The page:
Researchers find a microRNA that can alter macrophages from pathogenic M1 to anti-inflammatory M2 and protects against atherosclerosis.
We all know someone who has gone through a coronary artery bypass graft or, as commonly known, a bypass surgery. It starts with too much fat and cholesterol accumulating in and narrowing the arteries and ends with a relatively complicated surgical procedure where one or more arteries in the heart get replaced by another coming from the patient’s chest or leg. While the mortality rate due to the procedure is only at 2-4%, there are multiple risks involved with the surgery, and these risks increase further with additional complications, such as diabetes, obesity, or poor general health. It is estimated that in the U.S. more than 500,000 patients undergo a coronary bypass surgery with a rough cost of 30 billion dollars each year1.
Atherosclerosis - or the process of narrowing of blood vessels due to fat deposits - is not merely a physical process of excess fat and cholesterol depositing on the vessel walls, but a more dynamic immune cell-mediated one. In this process, M1 macrophages, in an attempt to get rid of extra fat, take up fat molecules, swell up, and become foam cells. These foam cells secret multiple factors that signal danger, recruiting other cells to the vessels. The recruited cells release inflammatory cytokines, and the process repeats itself, ultimately leading to calcification and the narrowing of the vessels. Research has been trying to find ways to reduce atherosclerosis, or plaque formation, through altering lipid metabolism and excretion as well as immune system regulation.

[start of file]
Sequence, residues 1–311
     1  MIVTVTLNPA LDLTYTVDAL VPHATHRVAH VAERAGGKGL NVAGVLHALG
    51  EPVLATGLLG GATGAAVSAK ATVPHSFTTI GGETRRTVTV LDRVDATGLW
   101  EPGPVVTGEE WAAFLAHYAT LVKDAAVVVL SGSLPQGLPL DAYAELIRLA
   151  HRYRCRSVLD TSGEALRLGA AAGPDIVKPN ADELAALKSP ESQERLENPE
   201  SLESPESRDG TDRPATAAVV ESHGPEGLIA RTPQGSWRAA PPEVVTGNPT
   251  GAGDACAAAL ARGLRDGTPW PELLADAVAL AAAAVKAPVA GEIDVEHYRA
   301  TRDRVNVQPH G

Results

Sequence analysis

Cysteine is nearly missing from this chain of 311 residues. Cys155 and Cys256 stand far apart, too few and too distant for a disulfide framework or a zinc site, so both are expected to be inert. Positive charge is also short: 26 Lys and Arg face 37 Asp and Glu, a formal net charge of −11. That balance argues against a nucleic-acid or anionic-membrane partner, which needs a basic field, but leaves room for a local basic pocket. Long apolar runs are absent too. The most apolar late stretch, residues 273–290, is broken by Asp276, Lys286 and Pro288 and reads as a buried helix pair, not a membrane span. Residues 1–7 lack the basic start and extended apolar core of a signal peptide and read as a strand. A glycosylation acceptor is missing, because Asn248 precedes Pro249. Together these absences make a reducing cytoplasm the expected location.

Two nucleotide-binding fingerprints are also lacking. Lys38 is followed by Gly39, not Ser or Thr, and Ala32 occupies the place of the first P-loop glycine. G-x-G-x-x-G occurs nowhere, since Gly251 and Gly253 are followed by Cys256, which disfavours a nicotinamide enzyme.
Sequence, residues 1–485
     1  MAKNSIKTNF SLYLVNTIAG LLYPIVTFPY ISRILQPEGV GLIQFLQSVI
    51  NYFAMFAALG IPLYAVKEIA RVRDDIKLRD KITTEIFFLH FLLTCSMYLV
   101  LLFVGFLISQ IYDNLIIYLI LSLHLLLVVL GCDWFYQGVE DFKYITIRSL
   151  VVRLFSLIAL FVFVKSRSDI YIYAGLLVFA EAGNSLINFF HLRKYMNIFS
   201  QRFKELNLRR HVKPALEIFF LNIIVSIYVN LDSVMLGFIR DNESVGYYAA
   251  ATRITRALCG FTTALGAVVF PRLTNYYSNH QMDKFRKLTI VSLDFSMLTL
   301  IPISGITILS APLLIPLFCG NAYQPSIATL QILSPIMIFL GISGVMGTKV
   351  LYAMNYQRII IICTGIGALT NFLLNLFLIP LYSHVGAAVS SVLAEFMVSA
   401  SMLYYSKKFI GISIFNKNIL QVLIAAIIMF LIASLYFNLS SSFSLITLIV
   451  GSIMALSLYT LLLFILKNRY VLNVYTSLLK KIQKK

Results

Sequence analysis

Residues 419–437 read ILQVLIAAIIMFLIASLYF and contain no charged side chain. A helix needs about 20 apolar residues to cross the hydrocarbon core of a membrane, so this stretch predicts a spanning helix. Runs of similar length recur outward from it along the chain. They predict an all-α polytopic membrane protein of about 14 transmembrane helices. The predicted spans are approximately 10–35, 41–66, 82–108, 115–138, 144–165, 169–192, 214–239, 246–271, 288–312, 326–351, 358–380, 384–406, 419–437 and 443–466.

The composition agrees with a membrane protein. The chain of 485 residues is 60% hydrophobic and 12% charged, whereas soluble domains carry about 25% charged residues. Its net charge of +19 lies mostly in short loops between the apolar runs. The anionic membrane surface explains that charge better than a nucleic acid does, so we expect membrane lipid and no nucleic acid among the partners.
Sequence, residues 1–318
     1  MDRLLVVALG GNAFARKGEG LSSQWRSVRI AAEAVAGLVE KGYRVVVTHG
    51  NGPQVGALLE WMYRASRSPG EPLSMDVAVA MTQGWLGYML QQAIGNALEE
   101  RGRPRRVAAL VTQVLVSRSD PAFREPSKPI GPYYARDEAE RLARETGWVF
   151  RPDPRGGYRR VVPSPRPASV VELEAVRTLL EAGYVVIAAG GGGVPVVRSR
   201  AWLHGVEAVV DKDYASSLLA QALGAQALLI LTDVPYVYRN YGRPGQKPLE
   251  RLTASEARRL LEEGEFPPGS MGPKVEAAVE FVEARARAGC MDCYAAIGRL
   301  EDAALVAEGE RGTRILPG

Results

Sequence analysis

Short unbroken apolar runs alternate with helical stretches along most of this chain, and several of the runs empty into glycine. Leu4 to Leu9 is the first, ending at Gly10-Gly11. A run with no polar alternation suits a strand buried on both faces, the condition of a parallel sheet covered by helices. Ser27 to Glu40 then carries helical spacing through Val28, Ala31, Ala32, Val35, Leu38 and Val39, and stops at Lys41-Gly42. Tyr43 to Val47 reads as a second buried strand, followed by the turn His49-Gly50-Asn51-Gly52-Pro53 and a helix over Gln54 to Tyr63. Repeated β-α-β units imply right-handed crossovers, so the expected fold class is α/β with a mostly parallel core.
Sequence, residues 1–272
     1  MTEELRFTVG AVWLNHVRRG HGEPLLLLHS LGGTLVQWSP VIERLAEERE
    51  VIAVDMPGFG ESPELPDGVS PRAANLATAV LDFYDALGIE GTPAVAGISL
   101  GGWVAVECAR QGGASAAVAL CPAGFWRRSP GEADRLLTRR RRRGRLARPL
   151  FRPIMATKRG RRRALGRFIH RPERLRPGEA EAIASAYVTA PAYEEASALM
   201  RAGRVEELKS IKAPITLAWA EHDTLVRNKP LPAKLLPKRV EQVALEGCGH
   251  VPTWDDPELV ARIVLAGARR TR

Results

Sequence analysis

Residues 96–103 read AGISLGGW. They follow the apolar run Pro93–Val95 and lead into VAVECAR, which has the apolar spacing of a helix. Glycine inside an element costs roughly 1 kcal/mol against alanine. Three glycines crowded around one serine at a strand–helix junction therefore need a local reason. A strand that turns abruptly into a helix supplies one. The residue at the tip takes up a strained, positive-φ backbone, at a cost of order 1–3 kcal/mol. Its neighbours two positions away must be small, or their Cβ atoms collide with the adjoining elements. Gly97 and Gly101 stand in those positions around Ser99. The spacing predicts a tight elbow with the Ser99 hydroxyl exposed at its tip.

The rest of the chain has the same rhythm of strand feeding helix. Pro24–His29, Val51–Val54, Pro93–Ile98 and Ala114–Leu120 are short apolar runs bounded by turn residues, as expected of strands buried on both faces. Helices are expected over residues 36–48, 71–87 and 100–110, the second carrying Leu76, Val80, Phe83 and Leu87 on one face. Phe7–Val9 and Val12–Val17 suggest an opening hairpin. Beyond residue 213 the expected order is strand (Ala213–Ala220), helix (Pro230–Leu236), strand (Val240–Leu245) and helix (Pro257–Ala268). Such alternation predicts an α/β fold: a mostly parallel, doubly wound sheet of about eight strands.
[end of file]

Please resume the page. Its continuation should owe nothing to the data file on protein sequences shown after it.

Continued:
In a recent article published in the Journal of Clinical Investigation, a group of researchers from NYU School of Medicine found that a microRNA (miR-33) played an important role in the process of atherosclerosis. Researchers treated mice that were fed a high cholesterol diet with anti-miR-33, a small gene silencer that affects how cholesterol gets out of the cells. Following 8 weeks of treatment, the researchers observed a reduction in the plaque formation and atherosclerosis incidence in the mice. They investigated the reason for protection and found that in the anti-mir33 treated mice, macrophages' metabolism changed, switching them from pathogenic M1 to more anti-inflammatory protective M2 macrophages. This change to M2 macrophages also promoted the development of another set of protective cells, regulatory T cells, which inhibit inflammatory mediated T cell responses2.
So is the need for coronary bypass surgery really gone? Not yet! Researchers are still trying to figure out how to use miRNA therapeutically in patients. Issues with side targets and specific delivery still need to be addressed. But with the constantly improving gene delivery and targeting technology, the promise is high. Here at HemaCare, we provide M1, M2 macrophages and regulatory T cells that can be used to study atherosclerosis or other macrophage-driven diseases. We will be following enthusiastically how gene-silencing therapeutics using microRNA and other gene regulators unfold in the coming years.
2 Ouimet M. et al. (2015). MicroRNA-33-dependent regulation of macrophage metabolism directs immune cell polarization in atherosclerosis. Journal of Clinical Investigation, 125 (12), doi:10.1172/JCI81676.